In a lot of ways, the film is like an over the top PSA to deter people from getting involved with witchcraft. It is to Satan what Reefer Madness was to marijuana use. Granted, this is a much better film in every way. But I imagine that the film probably had an effect opposite of what was probably intended. It plays as the most effective and coolest “Come join Satan!” propaganda that could ever be created.

Apart from the costumes themselves, the makeup and special effects were impressive and uncanny for 1922. The scene with the witches flying over the town is especially breathtaking.

While this isn’t remembered at quite the same level as Nosferatu or The Cabinet of Dr. Caligari, it deserves to be in the same conversations film aficionados and historians have had about horror pictures from that era.

Film Review: Halloween 6: The Curse of Michael Myers – The Producer’s Cut (1995)

Release Date: September 29th, 1995
Directed by: Joe Chappelle
Written by: Daniel Farrands
Based on: characters by John Carpenter, Debra Hill
Music by: Alan Howarth, Paul Rabjohns
Cast: Donald Pleasence, Paul Rudd, Marianne Hagan, Mitch Ryan

Miramax Films, Nightfall Productions, Trancas International, Dimension Films, 88 Minutes (theatrical), 95 Minutes (Producer’s Cut)

Review:

“I’ve wanted to believe it. But I’ve felt Michael’s presence, behind these walls, just like all those years ago. Plotting, staring, Staring. Waiting for some signal. I can’t go through this again, not alone. Please, as my colleague, as my friend. Help me.” – Dr. Loomis

For those that don’t know, there are two different versions of the film Halloween 6: The Curse of Michael Myers. There was the theatrical cut and then there was a producer’s cut, which was lost and never to be released.

In the late 90s, The Producer’s Cut started to circulate at horror conventions on a crappy bootleg VHS tape. The quality was generally poor on every copy in circulation but the fans who did get to see it, considered it a far superior version of the film.

Recently, it was released commercially as an added bonus to the Halloween Blu-ray box set. After demand increased and people didn’t want to have to buy all the movies again, just to access The Producer’s Cut, it was released on its own. I was able to rent it on Amazon.

So is it truly “a masterpiece” as some have said?

No, not really. It is an enjoyable slasher flick if you are a fan of the genre and especially if you like Michael Myers. The problem with it, is that the gist of the plot that made up the theatrical version is still intact. In fact, this version expands on it further. What I’m specifically referring to is all the stuff surrounding Michael’s origin and the cult that commands him.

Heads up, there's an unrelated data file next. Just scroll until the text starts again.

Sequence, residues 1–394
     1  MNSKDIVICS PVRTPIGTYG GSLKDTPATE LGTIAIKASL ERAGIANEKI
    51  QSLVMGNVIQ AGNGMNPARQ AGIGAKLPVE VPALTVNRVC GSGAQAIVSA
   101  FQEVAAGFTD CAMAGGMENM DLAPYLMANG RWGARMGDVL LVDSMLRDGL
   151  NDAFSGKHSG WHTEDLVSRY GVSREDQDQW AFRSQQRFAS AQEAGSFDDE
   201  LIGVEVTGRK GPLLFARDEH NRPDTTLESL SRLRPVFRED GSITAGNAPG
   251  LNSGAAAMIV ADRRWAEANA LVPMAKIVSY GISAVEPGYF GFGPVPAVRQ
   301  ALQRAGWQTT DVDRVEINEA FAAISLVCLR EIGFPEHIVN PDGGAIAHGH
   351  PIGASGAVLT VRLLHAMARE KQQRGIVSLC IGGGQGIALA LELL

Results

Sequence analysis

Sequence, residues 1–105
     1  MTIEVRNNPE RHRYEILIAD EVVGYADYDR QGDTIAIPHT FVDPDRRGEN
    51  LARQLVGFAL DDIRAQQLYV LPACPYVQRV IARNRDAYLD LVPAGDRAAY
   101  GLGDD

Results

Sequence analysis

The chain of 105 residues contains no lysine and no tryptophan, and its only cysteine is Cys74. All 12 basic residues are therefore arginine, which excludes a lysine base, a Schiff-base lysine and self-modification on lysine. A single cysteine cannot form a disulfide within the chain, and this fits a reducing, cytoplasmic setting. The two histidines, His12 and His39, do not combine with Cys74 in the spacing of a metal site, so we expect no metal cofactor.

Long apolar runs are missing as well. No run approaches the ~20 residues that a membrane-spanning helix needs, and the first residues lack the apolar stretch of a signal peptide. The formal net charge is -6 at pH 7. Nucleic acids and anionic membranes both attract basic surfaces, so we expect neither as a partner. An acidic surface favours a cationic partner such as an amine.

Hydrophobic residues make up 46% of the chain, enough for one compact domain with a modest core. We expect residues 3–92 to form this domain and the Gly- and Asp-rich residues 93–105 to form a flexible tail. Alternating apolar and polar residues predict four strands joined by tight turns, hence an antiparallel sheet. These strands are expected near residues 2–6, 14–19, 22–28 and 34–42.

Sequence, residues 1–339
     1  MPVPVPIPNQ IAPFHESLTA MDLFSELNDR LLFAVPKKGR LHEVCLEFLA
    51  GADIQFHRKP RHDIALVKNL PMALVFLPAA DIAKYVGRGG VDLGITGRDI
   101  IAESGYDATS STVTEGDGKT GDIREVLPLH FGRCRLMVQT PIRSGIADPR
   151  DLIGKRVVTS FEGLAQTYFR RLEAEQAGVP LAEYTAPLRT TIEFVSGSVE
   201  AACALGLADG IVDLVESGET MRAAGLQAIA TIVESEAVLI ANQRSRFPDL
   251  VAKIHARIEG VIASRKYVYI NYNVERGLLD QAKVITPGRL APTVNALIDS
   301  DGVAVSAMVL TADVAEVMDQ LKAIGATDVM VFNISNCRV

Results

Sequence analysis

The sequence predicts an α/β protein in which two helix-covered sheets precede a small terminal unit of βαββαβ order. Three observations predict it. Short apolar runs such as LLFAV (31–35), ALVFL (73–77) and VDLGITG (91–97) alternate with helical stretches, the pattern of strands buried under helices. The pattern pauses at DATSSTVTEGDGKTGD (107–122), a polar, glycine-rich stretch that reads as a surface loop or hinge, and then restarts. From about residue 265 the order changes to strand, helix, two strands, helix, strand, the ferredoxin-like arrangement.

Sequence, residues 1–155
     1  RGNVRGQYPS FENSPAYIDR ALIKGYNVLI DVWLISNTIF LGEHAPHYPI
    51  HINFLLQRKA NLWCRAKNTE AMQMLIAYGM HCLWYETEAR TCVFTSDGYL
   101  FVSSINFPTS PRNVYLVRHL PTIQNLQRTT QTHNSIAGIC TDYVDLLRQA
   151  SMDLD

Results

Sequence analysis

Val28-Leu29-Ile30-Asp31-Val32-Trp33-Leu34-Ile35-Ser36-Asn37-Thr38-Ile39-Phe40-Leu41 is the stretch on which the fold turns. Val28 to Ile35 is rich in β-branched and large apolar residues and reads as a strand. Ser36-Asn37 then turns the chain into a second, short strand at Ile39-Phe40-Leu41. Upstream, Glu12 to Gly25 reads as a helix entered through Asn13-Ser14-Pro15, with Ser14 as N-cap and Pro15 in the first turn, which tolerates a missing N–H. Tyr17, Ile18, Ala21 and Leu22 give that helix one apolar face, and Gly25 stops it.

Yes, apparently Michael Myers has been controlled by a cult all this time. I’m not really sure how it all works and the film attempted to explain some things but it did a poor job of it.

What makes these films work is the mystery of who Michael Myers is. We know he killed his sister when he was 6 years-old and we know he shows up on Halloween to murder his family members but we didn’t need an over bloated explanation. Knowing how the trick works destroys the magic.

I thought that the approach and story they wanted to tell was ambitious and maybe it could have actually added something good to the mythos. The execution was just bad in either version of the film. Yes, I love the Halloween mythos and you have to try and offer up something new with each picture. I’m not against the cult idea, I just don’t like how it panned out.

It was interesting to see a very young Paul Rudd in this film, his debut, but with the stardom he has now reached, he becomes more of a distraction in this tale. But at least you get to see Ant-Man versus Michael Myers – a dream match no one asked for.

The ending in both versions of the film are different. They are also both pretty bad. At least the theatrical film ended with some action, where The Producer’s Cut ended with (*spoiler alert*) Paul Rudd dressing up like a warlock and putting runes on the floor, which basically just turned Michael Myers off – allowing the good guys to escape. I thought Michael Myers was really just Rain Man and he was counting runes like Dustin Hoffman counted toothpicks.